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The WTO - a force for good

By Felicity McMahon - posted Thursday, 20 September 2007

It troubles me that the perception of the World Trade Organization has been stained by the left, and that no real analysis of what actually happens in the WTO occurs anymore.

This struck me hardest the other day when I was searching for videos about the WTO on YouTube. The only thing I could find were videos of rioters, numerous videos from anti-trade (and anti-capitalist) non-government organisation, Oxfam and even a video of a colleague whom I met when I studied briefly at the World Trade Institute in Bern.

All videos completely misrepresented the operation and function of the WTO. In doing so, an anti-free trade, anti-capitalist agenda was pushed. All commentators sadly got it completely wrong.


It’s now time to set the record straight and separate fact from fiction.

Fact: the WTO is an organisation based on the consensus of its members in which each individual nation has equal voting rights.

Any agreement struck by the members will only become enforceable once the members of the WTO vote on it. Under the General Agreement on Trade and Tariffs (GATT) Article 9:1 provides for a system of consensus voting. Consensus voting requires that no one member votes against the proposed decision. If only one member objects, the policy or agreement can be blocked (though abstentions don’t stop this process). This accords tremendous power to individual nations, who are singly able to block the motion by their own vote against it.

While some circumstances require unanimous positive votes, such as amending already executed agreements (under GATT Article 10), most situations require consensus, which means that no one opposes it.

The only exception to this voting mechanism is in the case of the adoption of reports by the WTO’s own Panel and Appellate Body. In those circumstances, reverse consensus is required, that is, a report is deemed to be adopted unless there is a consensus against adopting the report. While formerly consensus voting applied to adoption of reports, it was scrapped when the Dispute Settlement Understanding was executed. This eliminated a huge problem that once plagued the effective operation of the dispute settlement arm of the WTO whereby losing parties of a dispute could simply vote against the adoption of the report to avoid its application.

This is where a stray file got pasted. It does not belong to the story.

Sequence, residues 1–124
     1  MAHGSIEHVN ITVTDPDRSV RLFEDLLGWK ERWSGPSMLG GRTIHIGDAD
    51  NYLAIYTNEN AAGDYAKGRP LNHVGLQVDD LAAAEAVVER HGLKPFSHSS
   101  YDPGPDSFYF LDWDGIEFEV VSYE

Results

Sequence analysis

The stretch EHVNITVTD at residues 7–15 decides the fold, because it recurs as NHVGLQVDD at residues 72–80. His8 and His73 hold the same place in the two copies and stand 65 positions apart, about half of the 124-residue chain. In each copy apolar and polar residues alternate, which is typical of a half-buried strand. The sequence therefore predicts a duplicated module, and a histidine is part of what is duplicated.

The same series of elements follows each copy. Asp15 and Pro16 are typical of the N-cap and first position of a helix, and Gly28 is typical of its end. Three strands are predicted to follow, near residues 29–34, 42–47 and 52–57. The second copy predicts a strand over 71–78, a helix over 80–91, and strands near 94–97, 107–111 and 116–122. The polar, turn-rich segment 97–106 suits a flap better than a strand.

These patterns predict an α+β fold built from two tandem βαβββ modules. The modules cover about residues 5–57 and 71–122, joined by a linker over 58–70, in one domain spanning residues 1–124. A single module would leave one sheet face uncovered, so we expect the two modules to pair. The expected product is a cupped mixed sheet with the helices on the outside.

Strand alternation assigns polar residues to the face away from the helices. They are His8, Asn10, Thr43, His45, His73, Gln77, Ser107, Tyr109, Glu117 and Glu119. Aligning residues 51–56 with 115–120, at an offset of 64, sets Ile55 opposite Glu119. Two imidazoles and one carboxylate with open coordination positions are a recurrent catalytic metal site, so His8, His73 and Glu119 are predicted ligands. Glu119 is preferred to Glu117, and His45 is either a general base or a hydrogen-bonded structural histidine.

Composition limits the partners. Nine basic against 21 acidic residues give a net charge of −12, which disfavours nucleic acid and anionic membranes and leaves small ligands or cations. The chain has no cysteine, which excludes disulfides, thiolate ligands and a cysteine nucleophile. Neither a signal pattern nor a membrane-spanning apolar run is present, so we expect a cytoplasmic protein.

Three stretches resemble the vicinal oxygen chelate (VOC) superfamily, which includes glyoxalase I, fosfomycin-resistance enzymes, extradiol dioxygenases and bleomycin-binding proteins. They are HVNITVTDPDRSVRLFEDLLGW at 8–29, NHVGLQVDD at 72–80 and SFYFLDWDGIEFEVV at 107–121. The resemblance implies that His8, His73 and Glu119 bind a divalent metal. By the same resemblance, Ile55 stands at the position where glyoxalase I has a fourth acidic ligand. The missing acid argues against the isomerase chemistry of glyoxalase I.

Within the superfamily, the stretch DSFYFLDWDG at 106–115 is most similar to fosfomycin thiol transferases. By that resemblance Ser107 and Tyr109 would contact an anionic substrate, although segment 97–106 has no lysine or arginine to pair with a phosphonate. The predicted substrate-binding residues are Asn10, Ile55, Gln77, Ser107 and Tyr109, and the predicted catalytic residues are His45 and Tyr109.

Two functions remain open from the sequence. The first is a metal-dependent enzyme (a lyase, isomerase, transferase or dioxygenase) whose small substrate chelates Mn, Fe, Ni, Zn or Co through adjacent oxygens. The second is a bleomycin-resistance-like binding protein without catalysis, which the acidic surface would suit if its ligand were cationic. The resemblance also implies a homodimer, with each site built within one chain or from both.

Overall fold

This system of voting accords much more power to individual nations than any other international organisation.


Unlike the United Nations that lefties so adore, the WTO has no majority voting system, and no Security Council which creates a membership hierarchy. Each of the 157 WTO member states (correct as at July 2007) has one vote, and one vote only. It is for this reason that flexible coalitions operate so effectively within the WTO to influence policy and shape decision-making.

This is best exemplified by the efforts of the G90 group of developing countries in demanding reform to agricultural subsidies in developed economies. Without the pressure exerted by the G90, the Agreement on Agriculture would never have been executed in the Uruguay round, and Agriculture would still be beyond the realm of the WTO. The Agreement on Agriculture forced countries to turn their quantitative restrictions into tariffs, and set the stage for the first reductions in tariffs and limitations on subsidies.

Fact: the WTO affords member states policy space to pursue their own non-trade objectives.

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About the Author

Felicity McMahon is a graduate of the University of Technology, Sydney, with a degree in Business and a First Class Honours Degree in Law.

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